This command relays the IP address that your computer is currently using. However, if you’re behind a router (like most computers today), you’ll instead receive the local network address of the router.
Still, ipconfig is useful because of its extensions. “ipconfig /release” followed by “ipconfig /renew” can force your Windows PC into asking for a new IP address, which is useful if your computer claims one isn’t available. You can also use “ipconfig /flushdns” to refresh your DNS address. These commands are great if the Windows network troubleshooter chokes, which does happen on occasion.
Entering the command “netstat -an” will provide you with a list of currently open ports and related IP addresses. This command will also tell you what state the port is in – listening, established or closed.
This is a great command for when you’re trying to troubleshoot devices connected to your PC or when you fear a Trojan infected your system and you’re trying to locate a malicious connection.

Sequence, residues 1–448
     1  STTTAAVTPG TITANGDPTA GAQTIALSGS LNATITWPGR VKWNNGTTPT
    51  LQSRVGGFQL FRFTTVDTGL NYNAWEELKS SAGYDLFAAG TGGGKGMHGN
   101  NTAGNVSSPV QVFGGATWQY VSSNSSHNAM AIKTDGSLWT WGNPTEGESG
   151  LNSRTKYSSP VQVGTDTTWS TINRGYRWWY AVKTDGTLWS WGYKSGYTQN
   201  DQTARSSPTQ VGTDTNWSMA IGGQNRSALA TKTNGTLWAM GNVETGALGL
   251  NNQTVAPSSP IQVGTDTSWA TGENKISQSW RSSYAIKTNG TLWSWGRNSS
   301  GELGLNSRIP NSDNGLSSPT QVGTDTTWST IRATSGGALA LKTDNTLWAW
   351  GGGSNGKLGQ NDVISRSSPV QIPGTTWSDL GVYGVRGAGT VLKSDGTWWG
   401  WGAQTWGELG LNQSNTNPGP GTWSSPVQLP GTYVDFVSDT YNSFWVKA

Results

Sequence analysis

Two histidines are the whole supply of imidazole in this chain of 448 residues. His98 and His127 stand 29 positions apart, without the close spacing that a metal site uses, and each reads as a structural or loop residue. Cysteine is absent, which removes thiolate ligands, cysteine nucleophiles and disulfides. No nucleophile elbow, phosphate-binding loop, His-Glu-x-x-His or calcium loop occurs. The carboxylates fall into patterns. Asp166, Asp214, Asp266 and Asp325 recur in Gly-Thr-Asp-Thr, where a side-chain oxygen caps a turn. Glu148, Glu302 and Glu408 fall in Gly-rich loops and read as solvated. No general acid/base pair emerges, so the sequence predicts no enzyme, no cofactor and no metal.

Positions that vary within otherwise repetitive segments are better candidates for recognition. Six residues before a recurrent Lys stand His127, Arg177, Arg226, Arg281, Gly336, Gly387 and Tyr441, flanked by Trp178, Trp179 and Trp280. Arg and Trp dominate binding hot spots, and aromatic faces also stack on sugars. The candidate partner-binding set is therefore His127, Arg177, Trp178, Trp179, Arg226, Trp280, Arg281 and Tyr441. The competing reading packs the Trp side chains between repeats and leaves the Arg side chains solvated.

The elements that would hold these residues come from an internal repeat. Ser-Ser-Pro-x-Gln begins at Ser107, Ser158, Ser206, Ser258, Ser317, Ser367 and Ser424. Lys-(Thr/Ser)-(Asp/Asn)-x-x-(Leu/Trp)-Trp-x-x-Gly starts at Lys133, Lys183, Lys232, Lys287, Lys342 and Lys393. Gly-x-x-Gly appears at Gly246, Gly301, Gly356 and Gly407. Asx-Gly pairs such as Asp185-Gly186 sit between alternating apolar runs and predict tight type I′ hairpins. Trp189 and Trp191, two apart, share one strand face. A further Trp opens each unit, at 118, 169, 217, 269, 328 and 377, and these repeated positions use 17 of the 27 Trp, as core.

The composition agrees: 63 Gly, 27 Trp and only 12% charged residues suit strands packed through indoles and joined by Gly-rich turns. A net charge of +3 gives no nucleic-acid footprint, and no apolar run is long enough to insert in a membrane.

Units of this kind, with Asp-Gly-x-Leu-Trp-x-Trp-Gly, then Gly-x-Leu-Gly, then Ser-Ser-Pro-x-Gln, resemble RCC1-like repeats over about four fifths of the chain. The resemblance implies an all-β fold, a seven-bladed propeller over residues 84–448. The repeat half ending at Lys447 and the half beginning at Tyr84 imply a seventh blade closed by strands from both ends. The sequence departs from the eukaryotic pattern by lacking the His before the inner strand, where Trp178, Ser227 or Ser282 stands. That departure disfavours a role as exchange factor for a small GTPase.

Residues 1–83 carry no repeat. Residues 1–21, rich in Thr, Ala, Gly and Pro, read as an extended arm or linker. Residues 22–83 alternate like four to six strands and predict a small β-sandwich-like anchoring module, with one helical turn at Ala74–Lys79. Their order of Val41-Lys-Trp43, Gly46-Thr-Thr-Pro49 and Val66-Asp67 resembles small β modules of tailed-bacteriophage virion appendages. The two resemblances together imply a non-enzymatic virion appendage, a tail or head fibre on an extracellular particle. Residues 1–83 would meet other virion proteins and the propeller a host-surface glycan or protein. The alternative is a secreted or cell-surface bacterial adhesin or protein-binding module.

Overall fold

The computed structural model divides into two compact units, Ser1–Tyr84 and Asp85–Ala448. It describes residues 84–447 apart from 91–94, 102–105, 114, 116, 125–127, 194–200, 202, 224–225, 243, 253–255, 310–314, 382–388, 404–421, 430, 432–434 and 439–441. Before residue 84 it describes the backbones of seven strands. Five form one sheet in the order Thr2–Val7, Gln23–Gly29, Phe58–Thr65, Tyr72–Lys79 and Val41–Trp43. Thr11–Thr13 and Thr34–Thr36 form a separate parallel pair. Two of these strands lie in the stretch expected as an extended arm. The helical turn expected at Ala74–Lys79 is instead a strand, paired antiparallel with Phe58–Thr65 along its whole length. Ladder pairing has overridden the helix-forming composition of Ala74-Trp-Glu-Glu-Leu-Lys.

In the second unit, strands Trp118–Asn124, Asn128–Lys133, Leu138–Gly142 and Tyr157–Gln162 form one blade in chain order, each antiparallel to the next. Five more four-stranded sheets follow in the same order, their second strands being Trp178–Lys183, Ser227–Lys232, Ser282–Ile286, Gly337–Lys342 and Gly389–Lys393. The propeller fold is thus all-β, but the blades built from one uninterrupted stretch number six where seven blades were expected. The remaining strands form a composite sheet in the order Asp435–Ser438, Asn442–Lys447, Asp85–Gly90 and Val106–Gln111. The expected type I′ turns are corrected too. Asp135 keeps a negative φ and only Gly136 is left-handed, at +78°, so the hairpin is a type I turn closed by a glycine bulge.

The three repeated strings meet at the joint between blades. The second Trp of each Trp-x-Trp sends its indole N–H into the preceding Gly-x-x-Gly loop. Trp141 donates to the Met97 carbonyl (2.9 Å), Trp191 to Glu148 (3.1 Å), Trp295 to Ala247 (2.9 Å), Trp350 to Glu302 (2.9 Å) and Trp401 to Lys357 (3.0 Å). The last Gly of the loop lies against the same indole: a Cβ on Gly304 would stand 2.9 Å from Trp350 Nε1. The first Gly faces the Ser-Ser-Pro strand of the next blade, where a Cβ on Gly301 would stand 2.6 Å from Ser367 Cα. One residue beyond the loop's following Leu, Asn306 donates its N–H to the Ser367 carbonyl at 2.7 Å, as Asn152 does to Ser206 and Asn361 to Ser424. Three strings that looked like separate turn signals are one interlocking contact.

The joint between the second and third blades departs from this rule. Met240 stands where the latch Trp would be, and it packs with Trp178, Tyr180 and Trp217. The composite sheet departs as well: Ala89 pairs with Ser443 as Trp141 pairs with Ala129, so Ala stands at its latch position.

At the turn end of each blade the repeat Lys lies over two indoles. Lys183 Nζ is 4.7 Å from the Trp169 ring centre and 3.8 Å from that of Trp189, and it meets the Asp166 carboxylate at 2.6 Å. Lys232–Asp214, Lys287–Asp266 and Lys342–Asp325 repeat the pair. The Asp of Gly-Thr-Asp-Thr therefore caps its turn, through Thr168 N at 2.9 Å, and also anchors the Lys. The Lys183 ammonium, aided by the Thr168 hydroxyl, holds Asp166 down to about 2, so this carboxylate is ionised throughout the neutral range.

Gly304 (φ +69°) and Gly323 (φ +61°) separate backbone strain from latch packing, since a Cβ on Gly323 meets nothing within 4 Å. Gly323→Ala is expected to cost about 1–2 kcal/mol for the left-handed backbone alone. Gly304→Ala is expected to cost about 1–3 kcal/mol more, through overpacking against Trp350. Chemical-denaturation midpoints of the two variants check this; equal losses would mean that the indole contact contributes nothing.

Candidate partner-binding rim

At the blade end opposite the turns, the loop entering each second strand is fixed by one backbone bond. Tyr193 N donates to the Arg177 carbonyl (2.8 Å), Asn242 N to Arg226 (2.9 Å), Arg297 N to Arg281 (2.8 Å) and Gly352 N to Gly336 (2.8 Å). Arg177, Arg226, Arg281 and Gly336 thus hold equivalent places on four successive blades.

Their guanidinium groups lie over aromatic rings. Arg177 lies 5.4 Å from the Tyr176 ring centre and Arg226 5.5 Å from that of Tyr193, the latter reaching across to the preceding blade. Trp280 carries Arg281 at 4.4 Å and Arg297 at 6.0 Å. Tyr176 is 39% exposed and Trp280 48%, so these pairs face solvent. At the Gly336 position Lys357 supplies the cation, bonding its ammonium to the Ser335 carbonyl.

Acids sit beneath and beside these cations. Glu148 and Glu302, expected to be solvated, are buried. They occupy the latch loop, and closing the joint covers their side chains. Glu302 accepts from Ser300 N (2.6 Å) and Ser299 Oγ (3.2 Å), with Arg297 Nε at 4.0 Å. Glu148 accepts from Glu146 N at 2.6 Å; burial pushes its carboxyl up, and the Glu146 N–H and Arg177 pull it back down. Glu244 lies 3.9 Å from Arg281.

Sometimes, you need to know whether or not packets are making it to a specific networked device. That’s where ping comes in handy.
Typing “ping” followed by an IP address or web domain will send a series of test packets to the specified address. If they arrive and are returned, you know the device is capable of communicating with your PC; if it fails, you know that there’s something blocking communication between the device and your computer. This can help you decide if the root of the issue is an improper configuration or a failure of network hardware.
This is a more advanced version of ping that’s useful if there are multiple routers between your PC and the device you’re testing. Like ping, you use this command by typing “pathping” followed by the IP address, but unlike ping, pathping also relays some information about the route the test packets take.
The “tracert” command is similar to pathping. Once again, type “tracert” followed by the IP address or domain you’d like to trace. You’ll receive information about each step in the route between your PC and the target. Unlike pathping, however, tracert also tracks how much time (in milliseconds) each hop between servers or devices takes.
Powercfg is a very powerful command for managing and tracking how your computer uses energy. You can use the command “powercfg hibernate on” and “powercfg hibernate off” to manage hibernation, and you can also use the command “powercfg /a” to view the power-saving states currently available on your PC.